John Russell Mason, 81, librarian and curator of art emeritus at George Washington University, died of pneumonia Saturday at George Washington University. He had a stroke in January.

Mr. Mason, who was born in Philadelphia and grew up in Washington, where he graduated from Roosevelt High School, earned his bachelor's and master's degrees at GW in 1923 and 1925. But he began his career there as a student assistant in 1920 and remained on the faculty until 1966.

From 1923 to 1929, he was assistant librarian; from 1929 to 1933, he was associate librarian, and from 1933 until 1965 he was librarian. He had earned a degree in library science at Columbia University in 1933.

In 1944, while continuing his work as a librarian, Mr. Mason was named the university's curator of art. He held both positions until his former retirement in 1965, when he received emeritus status as librarian and curator. He stayed on until 1966.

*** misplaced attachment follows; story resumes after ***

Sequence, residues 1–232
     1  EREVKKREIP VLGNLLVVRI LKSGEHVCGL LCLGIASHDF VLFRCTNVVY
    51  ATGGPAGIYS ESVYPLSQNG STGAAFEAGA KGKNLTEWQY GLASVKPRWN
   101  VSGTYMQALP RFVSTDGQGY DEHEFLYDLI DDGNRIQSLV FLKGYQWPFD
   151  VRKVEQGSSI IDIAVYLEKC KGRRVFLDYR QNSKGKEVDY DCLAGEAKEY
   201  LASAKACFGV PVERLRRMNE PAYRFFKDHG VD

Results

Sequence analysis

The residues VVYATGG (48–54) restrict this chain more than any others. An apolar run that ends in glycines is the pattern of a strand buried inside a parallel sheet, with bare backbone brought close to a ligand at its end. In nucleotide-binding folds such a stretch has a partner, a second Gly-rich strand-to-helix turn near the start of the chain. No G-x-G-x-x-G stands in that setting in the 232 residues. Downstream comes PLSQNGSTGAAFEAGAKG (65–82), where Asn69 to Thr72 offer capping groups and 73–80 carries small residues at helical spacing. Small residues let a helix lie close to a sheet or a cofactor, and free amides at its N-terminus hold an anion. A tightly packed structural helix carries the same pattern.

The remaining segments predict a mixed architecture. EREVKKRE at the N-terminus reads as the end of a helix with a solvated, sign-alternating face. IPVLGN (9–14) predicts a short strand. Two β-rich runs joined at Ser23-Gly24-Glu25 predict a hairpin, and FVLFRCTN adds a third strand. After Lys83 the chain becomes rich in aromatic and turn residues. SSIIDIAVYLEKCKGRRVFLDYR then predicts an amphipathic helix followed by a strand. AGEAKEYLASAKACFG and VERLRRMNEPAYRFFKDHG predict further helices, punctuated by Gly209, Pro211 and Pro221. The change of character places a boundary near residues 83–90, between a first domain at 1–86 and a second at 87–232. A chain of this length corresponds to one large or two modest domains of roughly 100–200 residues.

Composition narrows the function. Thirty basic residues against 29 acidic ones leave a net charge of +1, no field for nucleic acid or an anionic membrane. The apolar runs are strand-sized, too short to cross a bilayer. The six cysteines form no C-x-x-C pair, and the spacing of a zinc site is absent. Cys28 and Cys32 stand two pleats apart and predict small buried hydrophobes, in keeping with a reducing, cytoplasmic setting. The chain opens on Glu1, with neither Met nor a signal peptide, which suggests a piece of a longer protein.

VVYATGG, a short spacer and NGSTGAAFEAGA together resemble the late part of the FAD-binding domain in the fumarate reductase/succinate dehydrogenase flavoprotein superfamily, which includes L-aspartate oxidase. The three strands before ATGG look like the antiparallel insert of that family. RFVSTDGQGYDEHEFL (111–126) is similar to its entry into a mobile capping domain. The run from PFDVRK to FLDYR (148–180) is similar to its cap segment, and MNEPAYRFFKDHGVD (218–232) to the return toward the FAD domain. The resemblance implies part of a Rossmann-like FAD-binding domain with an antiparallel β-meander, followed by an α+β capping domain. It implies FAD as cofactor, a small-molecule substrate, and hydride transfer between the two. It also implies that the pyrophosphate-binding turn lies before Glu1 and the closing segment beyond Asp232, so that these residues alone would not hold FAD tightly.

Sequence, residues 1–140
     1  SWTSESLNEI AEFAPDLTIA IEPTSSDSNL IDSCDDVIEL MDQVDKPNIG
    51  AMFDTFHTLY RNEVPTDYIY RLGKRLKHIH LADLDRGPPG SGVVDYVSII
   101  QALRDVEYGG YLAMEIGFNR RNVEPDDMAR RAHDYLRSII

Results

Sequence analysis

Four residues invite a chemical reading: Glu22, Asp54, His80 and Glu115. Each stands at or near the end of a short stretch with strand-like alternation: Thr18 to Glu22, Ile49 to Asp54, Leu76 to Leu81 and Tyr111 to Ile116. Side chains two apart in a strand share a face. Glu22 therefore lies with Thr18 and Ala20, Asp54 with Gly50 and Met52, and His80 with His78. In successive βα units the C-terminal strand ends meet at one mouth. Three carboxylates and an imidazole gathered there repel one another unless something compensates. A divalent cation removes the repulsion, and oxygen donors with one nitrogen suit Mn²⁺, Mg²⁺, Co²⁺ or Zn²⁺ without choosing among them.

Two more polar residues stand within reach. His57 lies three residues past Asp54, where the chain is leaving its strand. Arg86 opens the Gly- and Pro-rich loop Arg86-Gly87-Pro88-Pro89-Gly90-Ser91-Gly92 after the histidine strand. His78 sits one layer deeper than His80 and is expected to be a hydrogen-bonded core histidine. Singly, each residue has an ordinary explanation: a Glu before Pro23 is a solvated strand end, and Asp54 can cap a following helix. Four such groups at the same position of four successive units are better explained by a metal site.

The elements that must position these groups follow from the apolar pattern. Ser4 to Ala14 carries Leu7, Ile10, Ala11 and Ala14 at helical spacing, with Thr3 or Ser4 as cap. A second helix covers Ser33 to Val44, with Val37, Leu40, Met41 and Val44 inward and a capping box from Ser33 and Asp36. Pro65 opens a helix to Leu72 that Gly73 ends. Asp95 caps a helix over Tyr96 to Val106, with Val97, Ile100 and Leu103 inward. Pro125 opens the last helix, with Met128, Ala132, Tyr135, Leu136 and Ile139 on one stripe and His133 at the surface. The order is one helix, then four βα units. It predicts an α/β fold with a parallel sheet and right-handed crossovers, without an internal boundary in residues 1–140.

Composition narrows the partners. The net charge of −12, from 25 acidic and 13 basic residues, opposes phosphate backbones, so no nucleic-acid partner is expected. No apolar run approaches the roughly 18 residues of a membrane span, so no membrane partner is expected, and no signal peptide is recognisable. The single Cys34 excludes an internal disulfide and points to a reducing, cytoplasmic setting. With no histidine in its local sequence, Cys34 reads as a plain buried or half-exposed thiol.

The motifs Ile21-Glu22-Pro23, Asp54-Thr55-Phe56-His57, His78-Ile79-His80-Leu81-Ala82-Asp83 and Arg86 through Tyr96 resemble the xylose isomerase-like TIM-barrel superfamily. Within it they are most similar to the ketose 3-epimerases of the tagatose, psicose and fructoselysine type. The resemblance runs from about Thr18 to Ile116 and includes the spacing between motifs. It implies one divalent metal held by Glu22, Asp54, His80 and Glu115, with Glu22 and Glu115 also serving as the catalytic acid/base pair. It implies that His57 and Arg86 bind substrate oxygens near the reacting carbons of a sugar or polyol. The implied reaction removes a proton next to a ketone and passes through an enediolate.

Among the notable acquisitions to the GW art collection during Mr. Mason's tenure as curator was a Gilbert Stuart portrait of George Washington. In all Mr. Mason arranged 176 art exhibitions at the university.

In 1951, Mr. Mason received the university's Alumni Achievement Award. In 1974, a reading and study room in the library was named in his honor.

Mr. Mason, who lived in Washington, was a member of the American and D.C. library associations and of other professional groups. He also was a member of the American Guild of Organists, having served as GW's unofficial organist for many years.

He leaves no immediate survivors.

It is suggested that expressions of sympathy be in the form of contributions to the John Russell Mason Memorial Fund, George Washington University, Washington, 20052.